The Delight in Exploring Inner Territory

Author
Vimala Thakar
359 words, 11K views, 8 comments

As long as we cling to the idea that this is "my mind, my own, personal mind," we will have a strong tendency to look as good as possible. But if we observe the mind from a non-personal viewpoint, from the perspective from non-ownership, simply observe our minds and how they function, we will be less trapped by judgments.

To be attentive to the psychological structure, doesn't mean we must disappear somewhere and give up all relationships, responsibilities. The art is to stay within the movement of relationships, to continue with work, to be a responsible citizen, and to be attentive to the play of the mind. But we'll have to be very alert, for the mind is subtle, wily, full of tricks.

It's a tremendous thrill to see the beginnings of anger or jealousy or greed, not simply to be caught unawares when the emotion is full-blown and has us in its grasp, but to see the first tiny movements of emotion. Where does it spread, what does it do to our behavior? Just as there is joy in exploring an unknown wilderness, there is a delight in exploring the inner territory, in watching the volcanoes explode without any movement of defense, judgment, sense of ownership.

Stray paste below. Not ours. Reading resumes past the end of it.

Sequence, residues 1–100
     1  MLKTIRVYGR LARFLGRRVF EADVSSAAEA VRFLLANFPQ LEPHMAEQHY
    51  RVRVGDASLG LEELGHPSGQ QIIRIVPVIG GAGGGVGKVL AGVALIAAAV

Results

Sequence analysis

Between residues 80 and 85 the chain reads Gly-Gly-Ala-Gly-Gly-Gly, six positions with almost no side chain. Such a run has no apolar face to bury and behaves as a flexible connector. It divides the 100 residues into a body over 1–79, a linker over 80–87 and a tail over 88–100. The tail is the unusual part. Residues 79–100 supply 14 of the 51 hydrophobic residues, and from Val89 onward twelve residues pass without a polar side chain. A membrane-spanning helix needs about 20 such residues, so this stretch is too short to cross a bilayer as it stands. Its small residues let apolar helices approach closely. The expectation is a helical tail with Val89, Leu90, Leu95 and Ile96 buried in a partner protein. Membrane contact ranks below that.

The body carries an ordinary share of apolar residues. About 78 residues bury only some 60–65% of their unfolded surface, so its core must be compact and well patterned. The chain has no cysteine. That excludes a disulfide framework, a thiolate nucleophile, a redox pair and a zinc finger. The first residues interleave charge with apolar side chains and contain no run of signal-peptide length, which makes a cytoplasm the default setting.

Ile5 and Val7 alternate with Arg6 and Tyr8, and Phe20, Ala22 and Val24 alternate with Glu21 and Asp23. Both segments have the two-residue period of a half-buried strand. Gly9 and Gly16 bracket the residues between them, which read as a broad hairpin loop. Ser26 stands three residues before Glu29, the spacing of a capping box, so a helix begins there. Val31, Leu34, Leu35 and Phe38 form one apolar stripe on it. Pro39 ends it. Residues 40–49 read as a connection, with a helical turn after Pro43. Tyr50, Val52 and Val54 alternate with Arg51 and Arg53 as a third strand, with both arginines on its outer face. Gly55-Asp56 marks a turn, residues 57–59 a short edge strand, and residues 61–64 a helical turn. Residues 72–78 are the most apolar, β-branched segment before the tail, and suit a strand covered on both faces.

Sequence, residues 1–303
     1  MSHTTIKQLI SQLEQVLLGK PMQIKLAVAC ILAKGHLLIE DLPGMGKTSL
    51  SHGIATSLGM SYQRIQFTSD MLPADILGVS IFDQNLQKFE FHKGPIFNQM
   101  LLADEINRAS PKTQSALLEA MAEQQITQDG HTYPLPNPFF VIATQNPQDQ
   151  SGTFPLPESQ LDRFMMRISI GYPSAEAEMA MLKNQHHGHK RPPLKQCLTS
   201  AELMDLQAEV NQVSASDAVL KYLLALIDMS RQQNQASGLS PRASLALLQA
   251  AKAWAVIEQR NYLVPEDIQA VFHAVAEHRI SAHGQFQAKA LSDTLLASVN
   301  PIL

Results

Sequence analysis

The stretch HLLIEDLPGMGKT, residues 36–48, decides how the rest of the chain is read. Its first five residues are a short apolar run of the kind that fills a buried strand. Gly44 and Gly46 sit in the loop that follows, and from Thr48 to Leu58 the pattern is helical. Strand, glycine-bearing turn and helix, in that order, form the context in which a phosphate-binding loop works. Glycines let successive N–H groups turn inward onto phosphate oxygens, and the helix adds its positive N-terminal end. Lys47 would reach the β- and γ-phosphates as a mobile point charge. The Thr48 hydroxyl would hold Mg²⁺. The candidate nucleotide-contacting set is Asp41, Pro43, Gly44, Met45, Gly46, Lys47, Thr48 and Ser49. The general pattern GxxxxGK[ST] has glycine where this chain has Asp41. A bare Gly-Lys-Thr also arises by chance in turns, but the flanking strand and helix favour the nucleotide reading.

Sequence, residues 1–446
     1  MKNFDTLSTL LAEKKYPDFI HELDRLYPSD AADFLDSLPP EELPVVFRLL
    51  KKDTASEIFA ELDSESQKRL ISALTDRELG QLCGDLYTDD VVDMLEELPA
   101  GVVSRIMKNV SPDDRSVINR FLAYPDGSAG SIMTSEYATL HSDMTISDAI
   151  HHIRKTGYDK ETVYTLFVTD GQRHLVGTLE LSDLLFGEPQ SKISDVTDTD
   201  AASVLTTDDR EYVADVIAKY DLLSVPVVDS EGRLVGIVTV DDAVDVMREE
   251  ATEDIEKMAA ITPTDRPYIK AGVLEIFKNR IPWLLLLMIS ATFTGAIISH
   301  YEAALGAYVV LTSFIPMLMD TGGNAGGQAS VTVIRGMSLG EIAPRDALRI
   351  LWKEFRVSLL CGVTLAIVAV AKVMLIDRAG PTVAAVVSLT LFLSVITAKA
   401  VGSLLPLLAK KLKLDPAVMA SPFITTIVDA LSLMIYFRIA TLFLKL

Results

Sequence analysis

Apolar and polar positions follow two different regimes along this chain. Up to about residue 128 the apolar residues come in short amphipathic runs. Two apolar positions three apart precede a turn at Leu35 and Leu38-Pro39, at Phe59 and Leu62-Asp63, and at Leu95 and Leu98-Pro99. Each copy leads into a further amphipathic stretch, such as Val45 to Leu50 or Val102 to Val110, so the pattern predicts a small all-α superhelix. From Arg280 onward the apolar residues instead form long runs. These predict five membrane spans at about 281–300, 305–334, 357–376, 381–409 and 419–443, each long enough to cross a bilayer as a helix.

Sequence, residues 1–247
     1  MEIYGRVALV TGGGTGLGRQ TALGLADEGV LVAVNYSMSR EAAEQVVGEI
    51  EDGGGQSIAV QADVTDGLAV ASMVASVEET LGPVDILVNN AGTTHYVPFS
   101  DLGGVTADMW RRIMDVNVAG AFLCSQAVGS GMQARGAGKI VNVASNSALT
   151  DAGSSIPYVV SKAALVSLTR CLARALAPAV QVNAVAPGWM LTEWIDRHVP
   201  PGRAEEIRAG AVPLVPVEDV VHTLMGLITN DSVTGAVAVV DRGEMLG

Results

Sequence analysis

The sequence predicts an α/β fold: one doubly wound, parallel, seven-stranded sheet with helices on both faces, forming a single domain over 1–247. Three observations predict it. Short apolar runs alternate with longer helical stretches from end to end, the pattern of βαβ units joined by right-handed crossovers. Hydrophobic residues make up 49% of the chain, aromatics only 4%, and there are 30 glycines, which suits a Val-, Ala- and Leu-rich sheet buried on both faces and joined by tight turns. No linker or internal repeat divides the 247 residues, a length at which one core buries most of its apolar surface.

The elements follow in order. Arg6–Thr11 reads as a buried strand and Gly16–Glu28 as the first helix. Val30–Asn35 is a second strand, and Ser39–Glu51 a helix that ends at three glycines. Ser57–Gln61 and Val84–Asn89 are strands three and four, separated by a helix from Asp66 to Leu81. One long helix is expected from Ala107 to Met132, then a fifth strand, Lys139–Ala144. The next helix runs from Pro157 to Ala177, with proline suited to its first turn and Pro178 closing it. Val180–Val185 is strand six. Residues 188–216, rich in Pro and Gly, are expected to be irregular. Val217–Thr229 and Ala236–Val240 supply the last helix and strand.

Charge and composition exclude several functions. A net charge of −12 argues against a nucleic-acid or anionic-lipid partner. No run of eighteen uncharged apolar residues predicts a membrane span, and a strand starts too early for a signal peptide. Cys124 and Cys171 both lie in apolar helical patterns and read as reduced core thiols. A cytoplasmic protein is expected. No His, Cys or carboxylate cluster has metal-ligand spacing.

If we have never observed anger in ourselves from subtle beginnings to full explosion, we will always be caught in its force. We may try to suppress the behavior of anger, but still it will do its damage and we will not be free of it.

Attentiveness without any movement of the defense structure has its own intelligence. But the automatic tendency is to bring in defenses, judgments, and to move from observation to justification, evaluation. [...] All the explanations, justifications may be true, but they prevent direct perception of what it is that anger does to our bodies, to relationships, to the work we do.

If we defend any emotion, anger, fear, jealousy, we own it, we cling to it, and we accept a life in which emotional imbalances can wreak whatever havoc they like.

 

From "Spirituality and Social Action: A Holistic Approach"